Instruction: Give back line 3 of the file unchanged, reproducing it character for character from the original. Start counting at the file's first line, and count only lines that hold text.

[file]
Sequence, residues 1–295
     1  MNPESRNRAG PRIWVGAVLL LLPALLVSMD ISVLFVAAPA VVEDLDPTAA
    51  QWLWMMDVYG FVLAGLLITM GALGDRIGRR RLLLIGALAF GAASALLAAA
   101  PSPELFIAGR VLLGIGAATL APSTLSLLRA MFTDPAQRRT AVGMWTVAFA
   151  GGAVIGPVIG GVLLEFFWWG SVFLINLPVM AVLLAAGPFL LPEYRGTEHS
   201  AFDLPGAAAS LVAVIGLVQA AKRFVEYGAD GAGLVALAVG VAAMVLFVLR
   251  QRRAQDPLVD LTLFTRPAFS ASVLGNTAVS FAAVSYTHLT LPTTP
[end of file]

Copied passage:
    51  QWLWMMDVYG FVLAGLLITM GALGDRIGRR RLLLIGALAF GAASALLAAA